Art and the Day Job

On responsibly sharing our God-given gifts



For this reflection, I was asked to write about my work as an art facilitator with adult artists with disabilities. But I’m having trouble focusing on this topic. Why? It could very well be because of the pandemic, because of my age (menopausal), because I became burnt out from my ‘day job’ of 30 years, and because I found something I’m more interested in talking about.

My Soul’s Desire

I think, like many people experienced, being furloughed and confined to my home during the pandemic caused me to look at my work differently. Instead of enabling others to create their art and also tending to their mental and physical needs and then coming home, too tired to create my own art, I was able to spend full days in my studio and have the energy to create MY art! And I was reminded that making art is my soul’s desire. 

[Guitar Player (Beau Baker), 2021]

Don’t get me wrong, I LOVE working with intellectually and physically disabled artists and encouraging them in their creativity. They are an inspiration, truly. It is so important that all people are given the opportunity to create and thus connect to the world around them. But it was the healthcare, the physical and mental support I was expected to provide, and even more so during the pandemic due to a shortage of staff, that did me in. And I’ve discovered over time, my body tends to absorb stress rather than deflect it. Compounded with PTSD sustained from unrelated traumatic life events, I realized I couldn’t sustain this job full-time anymore.  

[Detail from Spiral Studies #5, 2020]

Almost exactly a year ago, I joined an online program for artists called The Becoming Artist with Jessica Serran. At age 53, I finally found the courage to put my art first. In the program Jessica asks us what the Object Of our Desire is (OOD) as it relates to our art. This concept is originally from Havi Brook. It felt luxurious to even contemplate this question! I have been making art all along, for the most part. But in bits and spurts, except for when I was in art school and graduate school. I never thought of my art as being a full-time job, I’ve always had day jobs. Mostly teaching art. Helping others make art. So when I was encouraged to look at what would give me the most joy, there was no question. I wanted to quit my job teaching others art and make my own art full time. At first, this felt like a selfish thing to do. But then I realized that setting aside gifts God has given me to share is irresponsible. 

The universe responds

Luckily, I have a husband who is extremely supportive and has similar goals and ambitions. Not long after I made the decision of putting my art practice first in my life, we decided to act on a long thought-of plan to live in France for a few months. My job could not allow a 3 month sabbatical, so I quit! At the end of the school year, my husband, son and I packed up our bags and headed for central France. Friends in the village helped us find a place to stay, a studio for me, and a school and French tutor for our son. My husband played in music festivals in different parts of France, I made art and our son learned French!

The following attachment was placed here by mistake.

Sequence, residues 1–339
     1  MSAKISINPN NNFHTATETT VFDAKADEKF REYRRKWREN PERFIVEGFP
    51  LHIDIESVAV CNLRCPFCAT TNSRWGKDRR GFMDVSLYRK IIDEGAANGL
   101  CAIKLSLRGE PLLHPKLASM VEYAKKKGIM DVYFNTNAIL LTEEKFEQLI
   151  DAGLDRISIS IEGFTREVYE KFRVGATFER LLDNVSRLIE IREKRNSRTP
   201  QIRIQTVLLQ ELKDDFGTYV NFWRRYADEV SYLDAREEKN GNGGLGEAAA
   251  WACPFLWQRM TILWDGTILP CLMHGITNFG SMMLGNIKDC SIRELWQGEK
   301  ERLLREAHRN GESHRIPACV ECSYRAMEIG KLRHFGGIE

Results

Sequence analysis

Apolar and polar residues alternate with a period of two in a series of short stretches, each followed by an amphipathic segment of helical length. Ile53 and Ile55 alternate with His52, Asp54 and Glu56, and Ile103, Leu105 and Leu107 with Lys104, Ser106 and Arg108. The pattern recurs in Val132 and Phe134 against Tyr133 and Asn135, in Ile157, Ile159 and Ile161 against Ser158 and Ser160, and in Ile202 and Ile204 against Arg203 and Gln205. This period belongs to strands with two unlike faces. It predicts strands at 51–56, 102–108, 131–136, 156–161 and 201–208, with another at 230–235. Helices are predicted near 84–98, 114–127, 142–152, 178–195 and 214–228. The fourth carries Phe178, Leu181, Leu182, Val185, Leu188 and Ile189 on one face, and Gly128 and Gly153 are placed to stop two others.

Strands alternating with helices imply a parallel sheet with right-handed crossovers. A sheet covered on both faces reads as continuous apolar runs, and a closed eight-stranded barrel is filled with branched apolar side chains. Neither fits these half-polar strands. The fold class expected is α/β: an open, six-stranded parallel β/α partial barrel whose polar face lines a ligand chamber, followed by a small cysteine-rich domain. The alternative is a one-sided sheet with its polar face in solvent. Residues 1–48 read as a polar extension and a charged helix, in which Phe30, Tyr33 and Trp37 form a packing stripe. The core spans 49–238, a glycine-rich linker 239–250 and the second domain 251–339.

[Reverie, 2020]

It’s amazing, since I decided to make my art my priority, the Universe has responded. Gradually, I’m selling work, building a supportive team that serves as inspiration, and finding new opportunities for showing and performing my work. When I state what I want and leave myself open to possibilities, they show up!

Be real

I am back at my old day job, but part-time. Going cold turkey financially won’t work for us. Also, I’m currently reading Elizabeth Gilbert’s book Big Magic: Creative Living Beyond Fear and in it there’s a chapter called “Your Day Job”. She said “I have watched so many other people murder their creativity by demanding that their art pay the bills … you must be smart about providing for yourself.” So I will have day jobs. But I’ll be careful to make sure they don’t take me away from my art, only feed it and support it. Just like Gilbert says, “it may be the case that there are seasons when you can live off your art and seasons when you cannot.”

Share the love

So where is my Christian faith in all this? My faith in God, in the example of Jesus, has always been with me. But, just like with my art, I’ve been setting it aside and not putting it front and center. I know that my creativity is something that God has given me as a gift and as a necessary tool for surviving and thriving in this world. As I make this shift back to my true calling, my art becomes my prayer and my way of connecting to the world and sharing Love. 

Questions for reflection

What is your Object Of Desire, that God has instilled in you? Are you paying attention to it? How can it help you connect to the world and share the Love? 

Can you identify seasons when you re-opened your life to some of your God-given gifts? What happened?

Suggested reading:

Gilbert, Elizabeth. Big Magic: Creative Living Beyond Fear (Penguin, 2015)

Sincero, Jen. You are a Badass: How to Stop Doubting Your Greatness and Start Living and Awesome Life (Running Press Adult, 2013)

  • Lara Hanson

    Lara Hanson is a visual and performance artist from St. Paul, Minnesota and a member of Christ Lutheran Church on Capitol Hill. She is known for her calligraphic drawings of the human body in motion. Working most often with ink, chalk and graphite on paper, she endeavors to capture the essence of the mover.

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Katie Langston
11 months ago

These pieces are gorgeous, Lara! Thank you so much for sharing this with us.

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